‘The Exegetical Practice in Aug.’s Early Comm. on Genesis’

(2007) Naoki Kamimura, ‘The Exegetical Practice in Augustine’s Early Commentaries on Genesis’ (in Japanese), Studies in Medieval Thought, 49 (Japanese Society of Medieval Philosophy) 19–36.
Originally delivered at the Japanese Society of Medieval Philosophy 55th Annual Conference, held at Keio University, Yokohama, on 12 November 2006.
During many years of his writing career Augustine composed five commentaries on Genesis. His second attempt of these, De genesi ad litteram imperfectus liber, was written around 393. In the Retractations Augustine explained in detail the status of the work. He managed to work his way through the first chapter of Genesis up to Gen 1:26. And with that verse he gave up the literal interpretation of the text.
The first attempt of his literal exegesis has been quite overlooked. In this paper I aim to consider the limits and significance of Augustine’s first literal commentary. After looking at the testimony as to the reason why Augustine abandoned his project, I first examine the final sections of this unfinished work. Up to the point where the text breaks off, he consistently presents a literal interpretation of Genesis. What led Augustine to discontinue his course at this point? It seems appropriate to presume that he has had difficulties in offering a literal reading.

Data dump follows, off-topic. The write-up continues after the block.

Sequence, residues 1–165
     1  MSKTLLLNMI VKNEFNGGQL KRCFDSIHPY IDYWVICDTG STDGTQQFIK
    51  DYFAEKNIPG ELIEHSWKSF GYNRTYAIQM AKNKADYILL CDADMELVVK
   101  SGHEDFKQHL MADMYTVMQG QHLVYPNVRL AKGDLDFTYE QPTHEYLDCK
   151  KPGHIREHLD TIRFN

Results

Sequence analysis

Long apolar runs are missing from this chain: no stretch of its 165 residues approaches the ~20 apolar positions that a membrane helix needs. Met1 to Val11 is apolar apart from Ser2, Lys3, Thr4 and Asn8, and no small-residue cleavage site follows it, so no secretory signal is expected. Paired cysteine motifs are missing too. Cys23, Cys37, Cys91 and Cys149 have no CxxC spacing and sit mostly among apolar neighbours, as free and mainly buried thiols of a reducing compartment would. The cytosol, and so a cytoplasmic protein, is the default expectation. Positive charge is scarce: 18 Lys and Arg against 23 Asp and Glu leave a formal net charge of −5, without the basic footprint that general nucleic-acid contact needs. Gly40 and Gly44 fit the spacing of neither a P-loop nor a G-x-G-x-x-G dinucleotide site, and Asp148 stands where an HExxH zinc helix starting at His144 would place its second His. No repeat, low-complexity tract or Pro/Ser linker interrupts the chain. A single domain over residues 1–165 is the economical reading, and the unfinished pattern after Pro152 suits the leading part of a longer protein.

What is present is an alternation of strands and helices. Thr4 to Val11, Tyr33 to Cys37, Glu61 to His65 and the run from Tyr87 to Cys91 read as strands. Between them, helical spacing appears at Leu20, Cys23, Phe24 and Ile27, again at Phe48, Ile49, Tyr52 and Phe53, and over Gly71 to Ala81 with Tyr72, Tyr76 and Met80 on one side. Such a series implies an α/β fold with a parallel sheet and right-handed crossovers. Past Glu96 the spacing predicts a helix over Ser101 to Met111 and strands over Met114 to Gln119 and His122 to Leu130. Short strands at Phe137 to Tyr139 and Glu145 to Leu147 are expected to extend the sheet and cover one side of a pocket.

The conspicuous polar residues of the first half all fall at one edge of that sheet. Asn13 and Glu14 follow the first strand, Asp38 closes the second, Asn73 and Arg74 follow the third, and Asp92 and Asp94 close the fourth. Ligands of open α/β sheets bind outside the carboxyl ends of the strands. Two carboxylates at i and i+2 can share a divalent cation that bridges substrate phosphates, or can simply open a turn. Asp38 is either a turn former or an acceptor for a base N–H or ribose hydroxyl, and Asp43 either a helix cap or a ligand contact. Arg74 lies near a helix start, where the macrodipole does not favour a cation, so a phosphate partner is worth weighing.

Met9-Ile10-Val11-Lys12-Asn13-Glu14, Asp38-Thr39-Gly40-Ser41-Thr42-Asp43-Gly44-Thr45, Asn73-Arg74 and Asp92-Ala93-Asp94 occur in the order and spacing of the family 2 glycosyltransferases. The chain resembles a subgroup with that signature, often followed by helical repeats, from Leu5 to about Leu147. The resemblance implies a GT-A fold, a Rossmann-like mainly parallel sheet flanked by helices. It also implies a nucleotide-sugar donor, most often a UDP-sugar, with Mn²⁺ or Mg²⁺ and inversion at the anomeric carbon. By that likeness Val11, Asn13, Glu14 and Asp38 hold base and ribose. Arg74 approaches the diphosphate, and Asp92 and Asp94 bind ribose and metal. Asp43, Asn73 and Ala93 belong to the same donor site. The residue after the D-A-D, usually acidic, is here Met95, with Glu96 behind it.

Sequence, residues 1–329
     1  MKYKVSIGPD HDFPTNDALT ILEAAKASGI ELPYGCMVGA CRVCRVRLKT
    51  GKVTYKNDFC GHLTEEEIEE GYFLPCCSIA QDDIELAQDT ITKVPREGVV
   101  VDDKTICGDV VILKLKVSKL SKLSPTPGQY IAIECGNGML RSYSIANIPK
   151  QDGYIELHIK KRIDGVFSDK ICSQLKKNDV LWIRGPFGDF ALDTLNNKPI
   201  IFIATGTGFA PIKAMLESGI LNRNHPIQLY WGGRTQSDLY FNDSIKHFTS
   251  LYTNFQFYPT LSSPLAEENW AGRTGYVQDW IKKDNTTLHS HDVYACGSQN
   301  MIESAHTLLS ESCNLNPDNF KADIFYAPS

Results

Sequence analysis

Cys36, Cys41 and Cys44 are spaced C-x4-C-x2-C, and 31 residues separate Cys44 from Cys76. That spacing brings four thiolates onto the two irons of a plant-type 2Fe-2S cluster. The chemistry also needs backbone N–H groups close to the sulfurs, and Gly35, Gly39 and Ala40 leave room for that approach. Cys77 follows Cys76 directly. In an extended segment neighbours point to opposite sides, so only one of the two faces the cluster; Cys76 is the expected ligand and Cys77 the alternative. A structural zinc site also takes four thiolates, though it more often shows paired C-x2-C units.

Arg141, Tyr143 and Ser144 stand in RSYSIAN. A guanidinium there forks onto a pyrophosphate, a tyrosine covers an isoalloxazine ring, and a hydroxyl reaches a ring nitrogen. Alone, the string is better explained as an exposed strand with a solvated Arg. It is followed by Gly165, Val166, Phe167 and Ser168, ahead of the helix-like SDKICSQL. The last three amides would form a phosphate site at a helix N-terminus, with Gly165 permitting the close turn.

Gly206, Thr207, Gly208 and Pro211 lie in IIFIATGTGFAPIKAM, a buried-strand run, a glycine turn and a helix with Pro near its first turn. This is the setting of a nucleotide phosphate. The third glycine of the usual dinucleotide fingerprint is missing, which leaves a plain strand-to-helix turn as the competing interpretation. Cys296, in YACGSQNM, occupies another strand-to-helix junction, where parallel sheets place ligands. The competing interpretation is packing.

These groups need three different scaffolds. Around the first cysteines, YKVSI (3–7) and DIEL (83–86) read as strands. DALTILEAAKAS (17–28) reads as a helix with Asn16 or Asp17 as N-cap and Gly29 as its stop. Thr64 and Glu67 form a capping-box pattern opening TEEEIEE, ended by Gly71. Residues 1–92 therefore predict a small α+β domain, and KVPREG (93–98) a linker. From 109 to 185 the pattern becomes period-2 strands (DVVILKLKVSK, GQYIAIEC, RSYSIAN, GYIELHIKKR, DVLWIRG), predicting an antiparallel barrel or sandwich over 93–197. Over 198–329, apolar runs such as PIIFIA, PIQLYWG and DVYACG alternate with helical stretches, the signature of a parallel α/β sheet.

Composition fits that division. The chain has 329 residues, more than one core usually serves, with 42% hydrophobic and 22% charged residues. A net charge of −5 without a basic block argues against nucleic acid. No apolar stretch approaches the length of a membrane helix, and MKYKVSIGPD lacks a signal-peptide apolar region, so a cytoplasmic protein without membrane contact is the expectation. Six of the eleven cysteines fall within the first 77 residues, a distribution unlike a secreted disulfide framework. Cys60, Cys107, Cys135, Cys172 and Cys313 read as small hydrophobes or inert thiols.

Then I suggest two hypotheses: his difficulty lay in Gen 1:26; or in Gen 1:27. At the time of engaging himself to the Retractations, Augustine added the final two paragraphs in which he thought that a man is the image of God and that man is not equal to the image, the Son of God. And in De diversis quaestionibus 83, 74 (393–396), Augustine had already put the same interpretation. On the other hand, his reading of Gen 1:27 had been brought to a halt until the time of the De genesi ad litteram. Hence, the apparent reason for his dropping the course is that Gen 1:27a speaks of man as an incorporeal soul such that a literal understanding of the two sexes was impossible.
Finally, I propose even provisionally his changing understanding of what ‘literal’ meant. In his early exegeses, Augustine rather tended to condemn the ‘literal’ reading of Genesis, with which Catholics would be exposed to hold a materialist conception of the divine. Although he never did define the ‘literal’ mode of exposition in De genesi ad litteram imperfectus liber, he would take all those primordial events of the narrative in Genesis as actually having happened in the way described. His approach to the text is designated as that of his reading later in the De genesi ad litteram. Thus, he really practices his ‘literal’ interpretation at this point. However, it needs further consideration of the different things contained in the scriptures, that is the metaphysical aspects of the creation and human beings.
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